Friday, August 27, 2010

TRR Day 6 - FINI!

Stage 6: Vail To Beaver Creek
Stats: 20.6 miles / 4,780 ft climbing

After a rough night of interrupted sleep Chad and I were only motivated by the fact that the day meant the final day of running. I had been telling myself just 16 miles of running and I was going to be done, but then my bubble was burst when I was informed that it was 21 miles of running with significant climbs.

Thursday, August 26, 2010

TRR Day 5 - Roller Coast Ride

Stage 5: Red Cliff To Vail
Stats: 22.8 (okay lets be honest it was 23.98 miles)/5,500 ft climbing

Chad and I woke up and chatted about how hard it was becoming to get out of the tent even though the sleeping wasn’t uncomfortable. Another challenging day of running awaited us and our muscles were starting to feel like they were ready for a rest day. The temperatures were again sub-40 so I opted to start in arm warmers and mittens. Our goal today was to keep our competitors in sight during the 10 mile climb up Shrine Pass. We quickly lost sight of the Canadian duo of Mark Nelson and Care Wakely, but had Bryon and Krissy in sight as we climbed the dirt road. As the course veered off the dirt road and onto single track Chad and I were in front of Krissy and Bryon but we allowed them to pass. I was struggling, my stomach wasn’t cooperating and every time I ate I got sharp pains in my abdomen. I continued to do what I could so we wouldn’t lose too much time. We would run and then walk and then run some more. As we began to plateau everything for me began to crumble and become painful. Chad was running in front of me and I threw up. I dropped to all fours while grabbing my stomach and threw up again. Chad finally stopped and looked at me and started walking back towards me. He admittingly didn’t know what to do nor did I. I think telepathically we both knew the options which were to get up and walk or to get up and run. We were in the middle of no mans land with nothing or no one around. I got up while complaining about my frustration and pain. As we walked around the next corner Chad spotted a camera man and told me I should at least run till we passed him, I agreed and we took off running. As we continued to press on we noticed that we weren’t far behind Chris and Brian and this proved as motivation for both Chad and I. My stomach was empty and painful, but I tried to eat one shot block at a time. That plan back fired as it came back up faster then it went down. I kept running while focusing on not losing ground on the team in front of us. As we finally made it to the top of Vail Pass we pulled into the aid station to restock on GU, electrolytes and water. Now for the fun part, 3,000 ft of downhill running on service dirt roads and single track. Despite not feeling well I was in heaven. I opened up my stride and took off eager to catch Chris and Brian. About 2 miles into the decent Chad and I had them in our sights and overtook them. We continued to push the pace and as the miles ticked away I got more and more eager to be done. A few miles from the finish I attempted to eat a GU and thought it was going to stay put but without warning projectile vomited while running. As disgusting as it was I think all I could do was laugh. Chad and I crossed the finish line and were pleased with our 3rd place finish given the trying times that we had encountered during the stage.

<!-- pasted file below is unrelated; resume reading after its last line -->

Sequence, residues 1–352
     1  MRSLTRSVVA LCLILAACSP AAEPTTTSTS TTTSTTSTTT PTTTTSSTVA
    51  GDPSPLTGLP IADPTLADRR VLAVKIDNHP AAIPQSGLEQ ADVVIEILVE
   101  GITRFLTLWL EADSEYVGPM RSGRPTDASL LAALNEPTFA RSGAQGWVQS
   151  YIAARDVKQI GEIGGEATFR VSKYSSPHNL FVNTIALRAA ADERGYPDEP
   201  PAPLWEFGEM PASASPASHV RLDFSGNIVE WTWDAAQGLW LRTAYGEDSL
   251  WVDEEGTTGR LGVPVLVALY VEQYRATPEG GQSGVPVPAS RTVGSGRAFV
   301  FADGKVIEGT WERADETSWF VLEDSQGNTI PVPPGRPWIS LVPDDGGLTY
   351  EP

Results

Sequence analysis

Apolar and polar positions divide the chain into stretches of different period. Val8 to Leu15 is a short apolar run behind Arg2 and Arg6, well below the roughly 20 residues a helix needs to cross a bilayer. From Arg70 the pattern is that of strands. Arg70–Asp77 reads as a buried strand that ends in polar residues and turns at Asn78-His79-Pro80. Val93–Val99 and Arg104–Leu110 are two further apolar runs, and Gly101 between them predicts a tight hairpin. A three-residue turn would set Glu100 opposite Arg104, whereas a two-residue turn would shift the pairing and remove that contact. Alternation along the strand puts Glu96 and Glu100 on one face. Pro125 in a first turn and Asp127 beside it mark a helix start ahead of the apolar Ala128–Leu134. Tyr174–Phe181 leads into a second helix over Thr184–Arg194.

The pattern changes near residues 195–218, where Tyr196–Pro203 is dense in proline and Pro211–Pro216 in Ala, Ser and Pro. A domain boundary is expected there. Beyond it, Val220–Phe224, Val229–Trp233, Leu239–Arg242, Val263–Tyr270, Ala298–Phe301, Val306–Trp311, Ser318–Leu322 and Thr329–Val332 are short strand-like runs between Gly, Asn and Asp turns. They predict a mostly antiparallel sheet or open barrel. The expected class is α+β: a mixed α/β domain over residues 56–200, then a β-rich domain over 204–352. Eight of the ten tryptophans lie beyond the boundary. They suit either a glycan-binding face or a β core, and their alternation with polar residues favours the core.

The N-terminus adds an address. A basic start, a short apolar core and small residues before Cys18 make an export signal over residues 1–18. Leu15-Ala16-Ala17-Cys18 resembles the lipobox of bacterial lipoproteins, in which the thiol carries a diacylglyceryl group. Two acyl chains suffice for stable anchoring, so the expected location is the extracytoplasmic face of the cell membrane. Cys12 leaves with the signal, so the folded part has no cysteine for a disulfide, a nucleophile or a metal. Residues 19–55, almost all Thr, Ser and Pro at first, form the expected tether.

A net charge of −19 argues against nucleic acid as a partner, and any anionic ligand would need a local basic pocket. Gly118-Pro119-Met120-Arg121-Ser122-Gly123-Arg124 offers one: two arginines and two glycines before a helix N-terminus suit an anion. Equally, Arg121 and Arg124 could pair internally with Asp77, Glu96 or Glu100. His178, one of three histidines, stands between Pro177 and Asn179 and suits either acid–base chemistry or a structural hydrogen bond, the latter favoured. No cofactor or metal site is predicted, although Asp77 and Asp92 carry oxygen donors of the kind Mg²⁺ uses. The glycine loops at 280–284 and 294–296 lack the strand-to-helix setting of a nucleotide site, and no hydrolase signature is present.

Wednesday, August 25, 2010

TRR Day 4 - An Early Resolution

Stage 4: Camp Hale To Red Cliff
Stats: 13.4 Miles/3,009 ft climbing